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Timing of Purchases

The timing of releasing a purchase order is determined by several factors such as need, cost, availability, market conditions, and financial objectives. In stable conditions, the timing of the release can be predicted. However, in times of economic or market instability, purchasing may release orders to optimize company objectives. There are four types of purchase order releases that can occur.

As-needed Basis

This procurement method is typically utilized for acquiring predetermined amounts of maintenance, repair, and operating (MRO) supplies, as well as production inventories, as required. It offers the benefit of reducing cash-flow by only purchasing the necessary quantities when needed. Additionally, it is employed for strategic purposes, such as procuring targeted amounts in preparation for price hikes, planned modifications to components, and product phase-outs, all of which help to minimize obsolescence costs.

Current Requirement Buying

The method of purchase order release described here is commonly used for all types of products and services. Buyers use a purchase schedule developed from planning tools like MRP and order point to create a purchase order that balances lot quantities with cost factors like quantity discounts, carrying costs, stock out costs, and ordering costs. This approach is also utilized for repetitive MRO purchasing.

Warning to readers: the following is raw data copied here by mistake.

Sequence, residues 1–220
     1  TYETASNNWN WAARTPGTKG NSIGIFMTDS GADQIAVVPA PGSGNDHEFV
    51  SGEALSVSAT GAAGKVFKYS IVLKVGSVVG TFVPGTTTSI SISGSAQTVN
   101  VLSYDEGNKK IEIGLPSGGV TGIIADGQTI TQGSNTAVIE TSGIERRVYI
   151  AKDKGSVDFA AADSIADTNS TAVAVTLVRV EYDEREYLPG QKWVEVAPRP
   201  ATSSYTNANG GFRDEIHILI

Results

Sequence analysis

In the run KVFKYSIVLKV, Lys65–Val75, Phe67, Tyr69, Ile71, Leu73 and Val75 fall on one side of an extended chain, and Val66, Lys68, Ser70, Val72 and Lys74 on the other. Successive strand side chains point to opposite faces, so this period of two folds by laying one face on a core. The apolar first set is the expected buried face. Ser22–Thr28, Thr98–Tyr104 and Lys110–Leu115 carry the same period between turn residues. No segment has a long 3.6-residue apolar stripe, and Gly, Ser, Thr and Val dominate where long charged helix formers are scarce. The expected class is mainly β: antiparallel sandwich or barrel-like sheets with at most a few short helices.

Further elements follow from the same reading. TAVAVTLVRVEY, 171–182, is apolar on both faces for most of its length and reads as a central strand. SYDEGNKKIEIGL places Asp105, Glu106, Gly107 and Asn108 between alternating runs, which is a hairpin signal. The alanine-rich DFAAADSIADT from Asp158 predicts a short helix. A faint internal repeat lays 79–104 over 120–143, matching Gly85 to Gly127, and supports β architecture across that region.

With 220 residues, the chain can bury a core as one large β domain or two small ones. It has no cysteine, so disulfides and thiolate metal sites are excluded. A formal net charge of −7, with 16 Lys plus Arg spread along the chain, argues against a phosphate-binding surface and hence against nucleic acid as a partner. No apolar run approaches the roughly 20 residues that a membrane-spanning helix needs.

Forward Buying

One strategy for purchasing goods and services is to plan for inventory over a medium to long-term. This involves negotiating a contract with the supplier that includes agreed-upon prices, quantities, quality, and delivery. Forward buying can be useful for buyers who want to protect against potential price increases, take advantage of quantity discounts and favorable transportation rates, ensure supplier capacities, and safeguard against potential risks like materials shortages or labor disputes.

Speculative Buying

Buyers sometimes engage in a practice known as hedge purchasing, where they purchase goods and services beyond their current needs. This is done to secure prices in advance and anticipate price increases. However, this technique involves high risk and requires approval from purchasing management, while also aligning with the company’s objectives.

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